xfs(5)xfs(5)NAMExfs - layout of the XFS filesystem
An XFS filesystem can reside on a regular disk partition or on a logi‐
cal volume. An XFS filesystem has up to three parts: a data section, a
log section, and a realtime section. Using the default mkfs.xfs(8)
options, the realtime section is absent, and the log area is contained
within the data section. The log section can be either separate from
the data section or contained within it. The filesystem sections are
divided into a certain number of blocks, whose size is specified at
mkfs.xfs(8) time with the -b option.
The data section contains all the filesystem metadata (inodes, directo‐
ries, indirect blocks) as well as the user file data for ordinary (non-
realtime) files and the log area if the log is internal to the data
section. The data section is divided into a number of allocation
groups. The number and size of the allocation groups are chosen by
mkfs.xfs(8) so that there is normally a small number of equal-sized
groups. The number of allocation groups controls the amount of paral‐
lelism available in file and block allocation. It should be increased
from the default if there is sufficient memory and a lot of allocation
activity. The number of allocation groups should not be set very high,
since this can cause large amounts of CPU time to be used by the
filesystem, especially when the filesystem is nearly full. More allo‐
cation groups are added (of the original size) when xfs_growfs(8) is
The log section (or area, if it is internal to the data section) is
used to store changes to filesystem metadata while the filesystem is
running until those changes are made to the data section. It is writ‐
ten sequentially during normal operation and read only during mount.
When mounting a filesystem after a crash, the log is read to complete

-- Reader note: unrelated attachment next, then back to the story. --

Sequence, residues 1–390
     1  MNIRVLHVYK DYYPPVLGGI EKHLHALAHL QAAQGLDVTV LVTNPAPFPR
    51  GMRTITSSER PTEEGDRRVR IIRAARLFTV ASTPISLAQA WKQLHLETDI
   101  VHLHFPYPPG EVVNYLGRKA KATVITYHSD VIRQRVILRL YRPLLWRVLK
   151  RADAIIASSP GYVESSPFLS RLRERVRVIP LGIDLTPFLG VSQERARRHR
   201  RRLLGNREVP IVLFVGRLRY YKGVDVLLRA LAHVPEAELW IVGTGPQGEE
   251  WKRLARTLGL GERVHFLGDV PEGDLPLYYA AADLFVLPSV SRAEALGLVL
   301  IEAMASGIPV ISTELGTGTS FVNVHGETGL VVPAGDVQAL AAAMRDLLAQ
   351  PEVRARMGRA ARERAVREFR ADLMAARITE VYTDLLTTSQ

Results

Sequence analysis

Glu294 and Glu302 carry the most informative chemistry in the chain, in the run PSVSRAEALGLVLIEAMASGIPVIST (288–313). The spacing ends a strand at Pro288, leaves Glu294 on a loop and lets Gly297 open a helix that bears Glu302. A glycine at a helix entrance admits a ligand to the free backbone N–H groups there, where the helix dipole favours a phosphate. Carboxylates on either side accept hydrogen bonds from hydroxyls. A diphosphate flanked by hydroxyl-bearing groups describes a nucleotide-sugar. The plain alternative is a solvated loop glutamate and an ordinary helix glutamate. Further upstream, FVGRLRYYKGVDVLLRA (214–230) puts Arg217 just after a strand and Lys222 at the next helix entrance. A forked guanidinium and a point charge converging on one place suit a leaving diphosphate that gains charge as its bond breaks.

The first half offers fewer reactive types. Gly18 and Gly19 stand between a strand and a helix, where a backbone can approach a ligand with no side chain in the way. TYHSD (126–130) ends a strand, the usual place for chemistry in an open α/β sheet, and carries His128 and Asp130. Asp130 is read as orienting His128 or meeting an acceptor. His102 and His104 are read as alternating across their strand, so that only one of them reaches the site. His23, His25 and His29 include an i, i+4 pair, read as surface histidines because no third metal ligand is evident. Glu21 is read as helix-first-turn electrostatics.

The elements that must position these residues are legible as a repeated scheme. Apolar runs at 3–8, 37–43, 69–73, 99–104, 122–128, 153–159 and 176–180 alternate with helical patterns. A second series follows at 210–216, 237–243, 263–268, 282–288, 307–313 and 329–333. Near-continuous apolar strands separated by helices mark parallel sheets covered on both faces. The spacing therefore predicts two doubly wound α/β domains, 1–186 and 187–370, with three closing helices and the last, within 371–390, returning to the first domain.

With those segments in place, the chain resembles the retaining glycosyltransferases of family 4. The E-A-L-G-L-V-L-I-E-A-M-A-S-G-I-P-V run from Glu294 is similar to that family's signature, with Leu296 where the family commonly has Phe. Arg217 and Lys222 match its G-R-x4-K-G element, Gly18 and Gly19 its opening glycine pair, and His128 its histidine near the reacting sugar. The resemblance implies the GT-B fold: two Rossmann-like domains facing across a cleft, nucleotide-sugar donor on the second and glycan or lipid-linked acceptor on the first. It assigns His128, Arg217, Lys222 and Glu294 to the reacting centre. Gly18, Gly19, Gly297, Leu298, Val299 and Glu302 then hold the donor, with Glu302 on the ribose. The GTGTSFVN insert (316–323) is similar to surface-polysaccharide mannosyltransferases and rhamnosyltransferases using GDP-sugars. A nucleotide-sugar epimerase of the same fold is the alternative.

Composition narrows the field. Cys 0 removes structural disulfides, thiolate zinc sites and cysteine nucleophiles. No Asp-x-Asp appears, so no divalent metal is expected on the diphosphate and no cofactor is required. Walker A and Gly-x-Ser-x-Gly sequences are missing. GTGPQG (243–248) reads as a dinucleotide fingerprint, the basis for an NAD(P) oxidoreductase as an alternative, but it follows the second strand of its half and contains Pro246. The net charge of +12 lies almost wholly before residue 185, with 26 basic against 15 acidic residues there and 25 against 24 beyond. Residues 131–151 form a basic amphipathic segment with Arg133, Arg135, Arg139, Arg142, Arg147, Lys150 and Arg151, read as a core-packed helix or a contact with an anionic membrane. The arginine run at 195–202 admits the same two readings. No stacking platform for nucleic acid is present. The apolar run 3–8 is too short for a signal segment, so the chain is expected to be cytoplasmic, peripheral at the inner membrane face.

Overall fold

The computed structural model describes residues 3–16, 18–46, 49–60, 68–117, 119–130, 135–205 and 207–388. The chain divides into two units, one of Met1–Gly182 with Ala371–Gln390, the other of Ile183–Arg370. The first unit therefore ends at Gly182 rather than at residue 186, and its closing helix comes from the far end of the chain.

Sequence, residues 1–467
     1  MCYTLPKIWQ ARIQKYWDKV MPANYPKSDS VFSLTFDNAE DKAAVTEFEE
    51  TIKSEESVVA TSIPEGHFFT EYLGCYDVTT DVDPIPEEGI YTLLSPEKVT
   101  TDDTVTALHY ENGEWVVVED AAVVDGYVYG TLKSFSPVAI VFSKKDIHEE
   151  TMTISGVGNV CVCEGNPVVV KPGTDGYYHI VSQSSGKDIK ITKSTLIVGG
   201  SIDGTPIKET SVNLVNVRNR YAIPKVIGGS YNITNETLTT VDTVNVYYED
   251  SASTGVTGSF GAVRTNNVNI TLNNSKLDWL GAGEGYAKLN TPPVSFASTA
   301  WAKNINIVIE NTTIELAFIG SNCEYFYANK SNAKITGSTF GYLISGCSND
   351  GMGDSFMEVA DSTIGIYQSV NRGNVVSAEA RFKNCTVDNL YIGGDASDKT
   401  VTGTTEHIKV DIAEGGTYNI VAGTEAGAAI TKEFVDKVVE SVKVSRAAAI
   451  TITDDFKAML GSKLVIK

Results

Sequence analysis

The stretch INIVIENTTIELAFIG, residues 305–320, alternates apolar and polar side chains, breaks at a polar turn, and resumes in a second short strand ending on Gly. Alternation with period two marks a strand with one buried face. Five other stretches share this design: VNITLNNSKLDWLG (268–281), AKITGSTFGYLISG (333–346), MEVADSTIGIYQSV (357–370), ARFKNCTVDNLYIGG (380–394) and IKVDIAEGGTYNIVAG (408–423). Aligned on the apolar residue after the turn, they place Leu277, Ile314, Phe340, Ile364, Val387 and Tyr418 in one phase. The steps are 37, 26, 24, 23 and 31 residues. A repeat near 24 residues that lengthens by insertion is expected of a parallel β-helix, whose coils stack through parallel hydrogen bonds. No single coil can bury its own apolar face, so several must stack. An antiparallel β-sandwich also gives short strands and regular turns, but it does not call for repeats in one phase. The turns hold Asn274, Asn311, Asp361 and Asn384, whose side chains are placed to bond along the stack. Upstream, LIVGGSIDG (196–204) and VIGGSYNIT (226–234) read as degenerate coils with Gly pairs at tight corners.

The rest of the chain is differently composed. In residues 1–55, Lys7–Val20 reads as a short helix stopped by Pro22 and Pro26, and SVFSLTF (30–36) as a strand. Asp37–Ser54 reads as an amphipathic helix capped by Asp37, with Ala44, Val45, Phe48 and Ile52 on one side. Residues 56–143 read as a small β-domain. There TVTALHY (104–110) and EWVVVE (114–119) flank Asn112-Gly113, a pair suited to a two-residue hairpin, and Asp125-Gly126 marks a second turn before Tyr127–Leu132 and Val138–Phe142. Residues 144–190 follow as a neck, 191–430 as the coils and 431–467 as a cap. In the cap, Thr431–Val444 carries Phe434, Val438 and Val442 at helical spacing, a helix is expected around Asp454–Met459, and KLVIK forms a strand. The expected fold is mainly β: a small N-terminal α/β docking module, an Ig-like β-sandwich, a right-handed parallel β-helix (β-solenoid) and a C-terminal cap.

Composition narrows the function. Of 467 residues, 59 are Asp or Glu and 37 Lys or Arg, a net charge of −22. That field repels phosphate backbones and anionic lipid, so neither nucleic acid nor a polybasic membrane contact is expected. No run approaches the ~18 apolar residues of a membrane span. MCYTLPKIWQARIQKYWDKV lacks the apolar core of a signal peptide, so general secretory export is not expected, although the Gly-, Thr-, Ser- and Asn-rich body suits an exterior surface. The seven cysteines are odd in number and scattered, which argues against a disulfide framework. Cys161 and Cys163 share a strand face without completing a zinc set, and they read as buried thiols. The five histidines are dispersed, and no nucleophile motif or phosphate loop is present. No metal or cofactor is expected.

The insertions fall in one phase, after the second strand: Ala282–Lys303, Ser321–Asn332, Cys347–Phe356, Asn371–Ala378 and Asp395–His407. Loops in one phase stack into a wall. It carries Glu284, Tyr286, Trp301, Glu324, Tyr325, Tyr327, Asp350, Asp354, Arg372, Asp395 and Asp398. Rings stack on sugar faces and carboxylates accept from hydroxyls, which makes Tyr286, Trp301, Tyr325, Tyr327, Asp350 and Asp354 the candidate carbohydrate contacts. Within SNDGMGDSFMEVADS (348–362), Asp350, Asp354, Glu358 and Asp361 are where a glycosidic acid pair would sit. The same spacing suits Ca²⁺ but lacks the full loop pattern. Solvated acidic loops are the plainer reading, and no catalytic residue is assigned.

operations that were in progress at the time of the crash.
The realtime section is used to store the data of realtime files.
These files had an attribute bit set through xfsctl(3) after file cre‐
ation, before any data was written to the file. The realtime section
is divided into a number of extents of fixed size (specified at
mkfs.xfs(8) time). Each file in the realtime section has an extent
size that is a multiple of the realtime section extent size.
Each allocation group contains several data structures. The first sec‐
tor contains the superblock. For allocation groups after the first,
the superblock is just a copy and is not updated after mkfs.xfs(8).
The next three sectors contain information for block and inode alloca‐
tion within the allocation group. Also contained within each alloca‐
tion group are data structures to locate free blocks and inodes; these
are located through the header structures.
Each XFS filesystem is labeled with a Universal Unique Identifier
(UUID). The UUID is stored in every allocation group header and is
used to help distinguish one XFS filesystem from another, therefore you
should avoid using dd(1) or other block-by-block copying programs to
copy XFS filesystems. If two XFS filesystems on the same machine have
the same UUID, xfsdump(8) may become confused when doing incremental
and resumed dumps. xfsdump(8) and xfsrestore(8) are recommended for
making copies of XFS filesystems.
Some functionality specific to the XFS filesystem is accessible to
applications through the xfsctl(3) and by-handle (see open_by_han‐
Refer to the mount(8) manual entry for descriptions of the individual
XFS mount options.
SEE ALSOxfsctl(3), mount(8), mkfs.xfs(8), xfs_info(8), xfs_admin(8), xfs‐